6. Mean Equivalised household net worth, By income decile - 2011-12
Graph: 6. Mean Equivalised household net worth, By income decile—2011–12


Table 7 illustrates the impact of including imputed rent on the characteristics of persons in the lowest income decile. In 2011-12, 71% of persons in the lowest decile of equivalised disposable household income were also in the lowest decile of equivalised disposable household income including imputed rent. Despite the overlap between the two groups, the reordering of people in the distribution with the inclusion of imputed rent results in a relatively lower average age (down from 57 to 50 years) and a significantly lower mean equivalised net worth ($192,000 compared with $300,000) for people in the lowest income decile.

Couple only households and lone person households where the reference person is 65 years and over decreased from 22% of the population in the lowest decile when using equivalised disposable household income as the income measure, to 10% when imputed rent is included.

7. LOWEST INCOME DECILE, Before and after including imputed rent (a) - 2011-12

Selected characteristics
Equivalised disposable household income
Equivalised disposable household income incl. imputed rent

Mean weekly household income
Equivalised disposable household income $
268
296
Equivalised disposable household income incl. imputed rent(a) $
347
303
Mean equivalised household net worth $'000
300
192
Mean age of reference person years
56.8
49.7
Owner without a mortgage %
33.0
12.1
One parent family with dependent children %
11.2
16.0
Couple only with dependent children %
32.6
41.9
Lone person or couple, reference person aged 65 and over %
22.3
10.0
Persons '000
2 221
2 221

(a) Imputed rent excludes government subsidised housing which is treated as a social transfer in kind



Joint distributions

There are a number of ways to bring income and wealth data together to obtain measures of people's consumption possibilities. In this article, a low economic resource measure is used which includes people who are simultaneously in the lowest four deciles of both equivalised disposable household income (including private imputed rent) and equivalised household net worth. It therefore excludes from the population of interest people with either relatively high incomes or relatively high wealth, and as a result is more likely to correctly classify people most likely to be at risk of experiencing economic hardship compared to measures using income or wealth alone.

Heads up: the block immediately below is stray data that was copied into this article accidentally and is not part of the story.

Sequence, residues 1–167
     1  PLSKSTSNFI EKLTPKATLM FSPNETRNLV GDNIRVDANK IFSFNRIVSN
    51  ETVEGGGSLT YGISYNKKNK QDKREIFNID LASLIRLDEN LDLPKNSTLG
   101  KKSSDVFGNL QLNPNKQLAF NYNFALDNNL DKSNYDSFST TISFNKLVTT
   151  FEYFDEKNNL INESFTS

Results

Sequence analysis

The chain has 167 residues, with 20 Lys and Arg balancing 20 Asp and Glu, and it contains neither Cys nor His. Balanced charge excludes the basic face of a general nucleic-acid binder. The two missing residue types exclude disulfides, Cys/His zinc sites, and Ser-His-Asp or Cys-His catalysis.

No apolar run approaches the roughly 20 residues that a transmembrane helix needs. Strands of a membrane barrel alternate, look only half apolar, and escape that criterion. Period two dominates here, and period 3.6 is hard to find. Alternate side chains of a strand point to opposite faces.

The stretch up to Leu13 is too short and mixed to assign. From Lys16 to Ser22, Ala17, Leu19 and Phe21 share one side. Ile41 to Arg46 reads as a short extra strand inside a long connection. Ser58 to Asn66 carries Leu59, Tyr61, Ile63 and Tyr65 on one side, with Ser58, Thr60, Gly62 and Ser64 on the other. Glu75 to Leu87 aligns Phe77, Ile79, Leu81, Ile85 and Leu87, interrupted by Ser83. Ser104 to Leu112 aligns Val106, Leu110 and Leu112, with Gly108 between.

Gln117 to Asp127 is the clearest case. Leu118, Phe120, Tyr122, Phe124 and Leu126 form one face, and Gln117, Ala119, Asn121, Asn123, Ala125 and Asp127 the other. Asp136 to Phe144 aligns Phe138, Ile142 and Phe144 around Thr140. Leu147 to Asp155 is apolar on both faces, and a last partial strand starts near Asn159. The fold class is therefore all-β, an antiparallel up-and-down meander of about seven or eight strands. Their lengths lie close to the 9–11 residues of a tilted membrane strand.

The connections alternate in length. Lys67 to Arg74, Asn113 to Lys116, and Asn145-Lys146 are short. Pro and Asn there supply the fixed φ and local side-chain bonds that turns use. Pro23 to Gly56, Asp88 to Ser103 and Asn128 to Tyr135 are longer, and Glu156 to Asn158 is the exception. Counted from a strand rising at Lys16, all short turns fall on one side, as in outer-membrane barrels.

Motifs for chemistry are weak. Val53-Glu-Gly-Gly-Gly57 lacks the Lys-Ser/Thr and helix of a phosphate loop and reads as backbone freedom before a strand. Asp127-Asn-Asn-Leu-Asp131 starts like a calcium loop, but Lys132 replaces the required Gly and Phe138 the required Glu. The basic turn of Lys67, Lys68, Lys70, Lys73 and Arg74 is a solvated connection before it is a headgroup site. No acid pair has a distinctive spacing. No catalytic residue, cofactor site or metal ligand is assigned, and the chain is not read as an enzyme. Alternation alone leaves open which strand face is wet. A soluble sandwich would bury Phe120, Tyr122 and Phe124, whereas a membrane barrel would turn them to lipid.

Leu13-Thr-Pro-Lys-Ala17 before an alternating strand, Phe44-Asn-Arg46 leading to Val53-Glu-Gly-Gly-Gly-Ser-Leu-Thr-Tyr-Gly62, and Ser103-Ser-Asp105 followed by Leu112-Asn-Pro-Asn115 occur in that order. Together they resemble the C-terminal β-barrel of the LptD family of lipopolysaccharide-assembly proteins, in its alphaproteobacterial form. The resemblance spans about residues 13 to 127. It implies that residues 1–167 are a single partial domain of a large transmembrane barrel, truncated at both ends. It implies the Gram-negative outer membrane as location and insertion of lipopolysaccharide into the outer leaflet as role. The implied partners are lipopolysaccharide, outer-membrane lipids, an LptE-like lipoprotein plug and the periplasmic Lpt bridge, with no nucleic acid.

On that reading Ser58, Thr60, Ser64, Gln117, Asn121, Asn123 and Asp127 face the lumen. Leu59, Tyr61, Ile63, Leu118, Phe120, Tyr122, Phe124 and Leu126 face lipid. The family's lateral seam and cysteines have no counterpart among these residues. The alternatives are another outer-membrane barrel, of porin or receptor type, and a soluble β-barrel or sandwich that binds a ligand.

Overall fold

Low economic resource is a relative measure that classifies around 20% of the population to be in low income, low wealth households. The measure can be broadly contrasted with the 20% of the population in the low income and low wealth quintiles. However, the proportion of the population included in the low economic resource measure depends on the joint distribution of income and wealth, and may vary over time.


LOW ECONOMIC RESOURCE HOUSEHOLDS

Household characteristics

In 2011-12, there were 5 million people in low economic resource households, that is 22% of all persons (compared with the 4.4 million people, or 20% of all persons, included in each of the low income or the low wealth groups) (Table 8).

Low economic resource households have, on average, more household members and more members aged under 18 than either the low income or low wealth groups, or the population as a whole. One parent families with dependent children are significantly over-represented in all of the low resource groups, compared with the population as a whole.

People living in low economic resource households have, on average, considerably lower incomes and wealth than the population as a whole (this group receives 52% of the national average income and have 13% of the wealth). They are also more than twice as likely to have government pensions and allowances as their main source of household income (44% of persons in the group, compared to 19% for all persons).